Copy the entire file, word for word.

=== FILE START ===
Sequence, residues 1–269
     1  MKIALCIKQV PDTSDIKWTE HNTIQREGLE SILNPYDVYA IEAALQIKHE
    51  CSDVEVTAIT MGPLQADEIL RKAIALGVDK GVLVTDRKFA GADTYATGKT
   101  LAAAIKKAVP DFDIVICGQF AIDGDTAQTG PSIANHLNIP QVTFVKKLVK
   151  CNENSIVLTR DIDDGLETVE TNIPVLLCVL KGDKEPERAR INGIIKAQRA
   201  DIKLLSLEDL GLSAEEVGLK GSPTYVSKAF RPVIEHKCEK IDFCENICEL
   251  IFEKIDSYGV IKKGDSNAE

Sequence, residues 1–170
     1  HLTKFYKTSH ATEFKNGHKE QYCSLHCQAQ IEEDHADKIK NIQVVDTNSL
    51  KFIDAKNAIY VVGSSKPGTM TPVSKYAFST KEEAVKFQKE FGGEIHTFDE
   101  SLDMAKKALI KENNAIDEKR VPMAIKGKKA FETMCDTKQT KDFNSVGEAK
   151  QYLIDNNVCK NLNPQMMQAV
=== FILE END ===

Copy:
Sequence, residues 1–269
     1  MKIALCIKQV PDTSDIKWTE HNTIQREGLE SILNPYDVYA IEAALQIKHE
    51  CSDVEVTAIT MGPLQADEIL RKAIALGVDK GVLVTDRKFA GADTYATGKT
   101  LAAAIKKAVP DFDIVICGQF AIDGDTAQTG PSIANHLNIP QVTFVKKLVK
   151  CNENSIVLTR DIDDGLETVE TNIPVLLCVL KGDKEPERAR INGIIKAQRA
   201  DIKLLSLEDL GLSAEEVGLK GSPTYVSKAF RPVIEHKCEK IDFCENICEL
   251  IFEKIDSYGV IKKGDSNAE

Sequence, residues 1–170
     1  HLTKFYKTSH ATEFKNGHKE QYCSLHCQAQ IEEDHADKIK NIQVVDTNSL
    51  KFIDAKNAIY VVGSSKPGTM TPVSKYAFST KEEAVKFQKE FGGEIHTFDE
   101  SLDMAKKALI KENNAIDEKR VPMAIKGKKA FETMCDTKQT KDFNSVGEAK
   151  QYLIDNNVCK NLNPQMMQAV